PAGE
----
When you’re a part of a family or team or a community there are some things that are expected of you. We’re talking fam here so we’ll stick to those responsibilities for right now. Soooo, as a member of a family you have certain responsibilities depending on your age. Maybe you set the table, feed the dog, fold laundry, make dinner. These jobs can change or stay the same for a while. You can use a wheel, a chart, pick out of a hat, you get the drift, to decide who does what or just give out the jobs as they come. For example you could have a child who is the dishwasher helper for the week OR just ask them to unload it when the time arises and perhaps they will be asked to do something different later in the day or the next. Whatever works for you but the idea is that not all family household tasks fall on the parents or grown people. Y’all live there y’all can help out. If they don’t want to well, they can be stuck (click that link to learn about your new fave discipline method) or what they are playing with can be closed due to the fact that it’s distracting the child from being a part of the team. Older kids could lose privileges such as the use of electronics because if you’re not being responsible about helping around the house then they may not be responsible with those electronics. Nix that car borrowing for that fun Saturday night out for the same reason stated a moment ago. You also want to be sure to talk about why their help is needed and expected. That you help the family so in turn they need to as well. That you are a team and teams work together. It WON’T be pretty. There will be tantrums and fights and pushback but who ever said that mentoring humans to be positive and productive citizens was easy??? That being said those kids will jump on the job bandwagon FAST if the consequences are put into place and a little thanks is given for a job well done!! More on that coming up so keep reading.
So what should you do when those helpers are so helpful? Give a high-five, a heartfelt thanks. The kids don’t get rewarded for doing what they should do. They SHOULD help out. They don’t get a treat for doing so. When was the last time someone got you somethin’ special for vacuuming? Never! And if they did send ‘em to me! I want a treat for cleaning MY place. I know that I just rocked your world and the following statements might be leaving your lips right now; “But how will I get them to clean?” See, above.The answer to that one is in the stuck link. “Don’t we get paid to work?” Yes, but this is not work. Again, anyone paying YOU to unload the dishwasher or make dinner? NOPE. Also hold on a sec and we WILL talk about earning money. “But if I don’t reward them how will I get them to keep doing it?” That high five or true pride goes a long way with kids. Also, they have to do it. Again, see above for what to do if they don’t. Start rockin’ those family jobs and you will be surprised what your kids can do and how much more time you have.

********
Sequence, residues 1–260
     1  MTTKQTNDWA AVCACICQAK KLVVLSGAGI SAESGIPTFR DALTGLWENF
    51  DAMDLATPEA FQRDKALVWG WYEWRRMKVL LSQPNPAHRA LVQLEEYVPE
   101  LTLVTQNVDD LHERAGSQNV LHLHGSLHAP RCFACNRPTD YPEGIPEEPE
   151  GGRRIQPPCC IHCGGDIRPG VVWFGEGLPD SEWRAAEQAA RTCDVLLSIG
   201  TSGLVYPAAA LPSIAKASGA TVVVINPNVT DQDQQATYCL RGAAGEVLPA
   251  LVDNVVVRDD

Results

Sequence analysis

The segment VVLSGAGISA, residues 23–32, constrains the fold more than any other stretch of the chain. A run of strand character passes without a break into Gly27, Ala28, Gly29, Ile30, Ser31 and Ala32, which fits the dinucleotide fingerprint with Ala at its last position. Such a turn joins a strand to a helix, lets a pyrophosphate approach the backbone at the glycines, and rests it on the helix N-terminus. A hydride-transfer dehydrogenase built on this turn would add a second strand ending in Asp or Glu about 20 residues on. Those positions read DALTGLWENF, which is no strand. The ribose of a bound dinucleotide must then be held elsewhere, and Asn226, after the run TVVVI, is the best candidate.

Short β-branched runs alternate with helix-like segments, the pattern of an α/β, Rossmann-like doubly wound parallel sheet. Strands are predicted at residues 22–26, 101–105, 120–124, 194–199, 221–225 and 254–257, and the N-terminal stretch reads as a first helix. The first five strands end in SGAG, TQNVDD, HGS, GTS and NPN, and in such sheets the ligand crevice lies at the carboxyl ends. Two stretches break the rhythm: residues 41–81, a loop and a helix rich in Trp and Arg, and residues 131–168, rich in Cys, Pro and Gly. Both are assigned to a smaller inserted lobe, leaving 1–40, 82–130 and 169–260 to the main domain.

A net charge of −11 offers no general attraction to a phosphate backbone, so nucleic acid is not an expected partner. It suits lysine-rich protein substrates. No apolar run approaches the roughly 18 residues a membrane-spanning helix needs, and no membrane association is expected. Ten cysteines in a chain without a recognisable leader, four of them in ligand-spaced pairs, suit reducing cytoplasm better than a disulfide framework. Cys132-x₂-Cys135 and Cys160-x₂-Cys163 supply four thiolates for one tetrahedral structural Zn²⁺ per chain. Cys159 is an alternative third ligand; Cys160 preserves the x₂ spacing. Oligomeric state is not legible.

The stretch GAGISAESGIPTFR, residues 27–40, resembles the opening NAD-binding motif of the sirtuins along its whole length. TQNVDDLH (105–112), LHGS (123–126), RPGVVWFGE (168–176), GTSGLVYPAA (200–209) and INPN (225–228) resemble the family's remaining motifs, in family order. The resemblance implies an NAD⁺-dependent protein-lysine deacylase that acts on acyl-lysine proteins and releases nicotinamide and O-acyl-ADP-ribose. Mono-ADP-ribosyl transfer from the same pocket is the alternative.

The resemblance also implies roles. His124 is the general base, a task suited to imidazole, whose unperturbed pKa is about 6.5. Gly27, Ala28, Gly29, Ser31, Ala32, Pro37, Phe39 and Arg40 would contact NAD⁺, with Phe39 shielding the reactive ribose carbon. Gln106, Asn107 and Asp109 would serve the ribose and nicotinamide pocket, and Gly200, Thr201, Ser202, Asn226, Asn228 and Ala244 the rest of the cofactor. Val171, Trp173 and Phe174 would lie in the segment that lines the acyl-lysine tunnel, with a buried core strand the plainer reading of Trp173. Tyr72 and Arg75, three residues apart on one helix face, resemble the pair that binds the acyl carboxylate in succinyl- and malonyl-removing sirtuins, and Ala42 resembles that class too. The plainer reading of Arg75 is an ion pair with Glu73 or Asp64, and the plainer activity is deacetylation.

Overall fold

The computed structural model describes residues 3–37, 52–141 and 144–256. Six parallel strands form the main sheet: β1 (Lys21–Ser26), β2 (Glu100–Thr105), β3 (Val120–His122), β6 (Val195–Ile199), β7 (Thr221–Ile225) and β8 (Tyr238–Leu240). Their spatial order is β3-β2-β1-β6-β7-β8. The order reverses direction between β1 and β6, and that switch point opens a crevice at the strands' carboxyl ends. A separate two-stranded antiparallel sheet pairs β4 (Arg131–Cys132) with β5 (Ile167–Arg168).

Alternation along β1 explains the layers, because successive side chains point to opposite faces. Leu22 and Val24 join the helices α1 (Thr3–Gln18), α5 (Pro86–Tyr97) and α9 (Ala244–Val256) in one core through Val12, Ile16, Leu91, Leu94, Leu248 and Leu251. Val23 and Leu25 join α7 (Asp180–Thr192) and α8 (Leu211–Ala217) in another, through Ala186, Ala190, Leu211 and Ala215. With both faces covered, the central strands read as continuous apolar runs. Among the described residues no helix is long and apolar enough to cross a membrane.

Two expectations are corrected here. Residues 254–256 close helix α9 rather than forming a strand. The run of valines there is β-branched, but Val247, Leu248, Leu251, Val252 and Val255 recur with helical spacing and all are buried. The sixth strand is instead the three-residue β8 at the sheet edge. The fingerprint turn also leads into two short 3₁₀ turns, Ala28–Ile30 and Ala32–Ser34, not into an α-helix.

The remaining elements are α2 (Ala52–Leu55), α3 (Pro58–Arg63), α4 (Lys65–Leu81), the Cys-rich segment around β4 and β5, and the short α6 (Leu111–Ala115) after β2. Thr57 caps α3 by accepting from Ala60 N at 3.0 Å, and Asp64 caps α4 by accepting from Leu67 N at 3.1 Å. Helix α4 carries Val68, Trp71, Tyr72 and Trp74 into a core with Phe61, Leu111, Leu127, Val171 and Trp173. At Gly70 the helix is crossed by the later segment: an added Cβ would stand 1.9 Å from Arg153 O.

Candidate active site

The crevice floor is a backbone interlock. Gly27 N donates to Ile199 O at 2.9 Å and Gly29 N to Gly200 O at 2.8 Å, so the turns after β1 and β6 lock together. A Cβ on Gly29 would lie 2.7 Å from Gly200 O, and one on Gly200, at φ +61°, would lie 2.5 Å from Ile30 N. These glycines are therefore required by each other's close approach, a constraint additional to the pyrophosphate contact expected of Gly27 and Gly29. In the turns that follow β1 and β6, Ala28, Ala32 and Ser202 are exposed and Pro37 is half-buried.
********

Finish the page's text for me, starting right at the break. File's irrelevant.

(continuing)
Make Those Benjamins
Here it comes. The moment that you’ve been waiting for. The, How can my kids learn about making money part of this whole shebang. O.K. grown-ups, sit down and think about jobs that are a little above the level of your child. Got a 4 year old who keeps asking you for that train? Let them sweep up after dinner and you can pay them for that. Have them collect the trash from different rooms and put it into a big bag, have them take the laundry out of a cooled off dryer. Bigger kids asking for whatever is the cool thing this week? Have them vacuum a few rooms, wash the car, rake leaves, take out the trash, fold laundry (kids can put away their own laundry as young as 2.5-3, may not be as neat as you would want but it’ll be done). Super big kids asking for whatever big kids want? They can cook dinner, run errands walking or in a car if they drive, they can mow the lawn, do laundry and fold it, clean bathrooms, mop floors, clean a floor, like all of the rooms on that floor. You see where this is going? You know your kid and what needs to be done. After figuring out the jobs put them on a list with how much they are worth. Your child can map it out and plan what they want to do with full knowledge of what they will earn. They will learn about making money, working to make money, saving money and the value of a dollar. BAM.
So there ya have it all broken down. I am not telling you how you must do things so no need to yell at me in the comment section, what I AM offering is an explanation about why this way will get you the help that you need while also teaching kids valuable life lessons about teamwork, community, responsibility AND money and how to earn it. Let me know how it goes folks!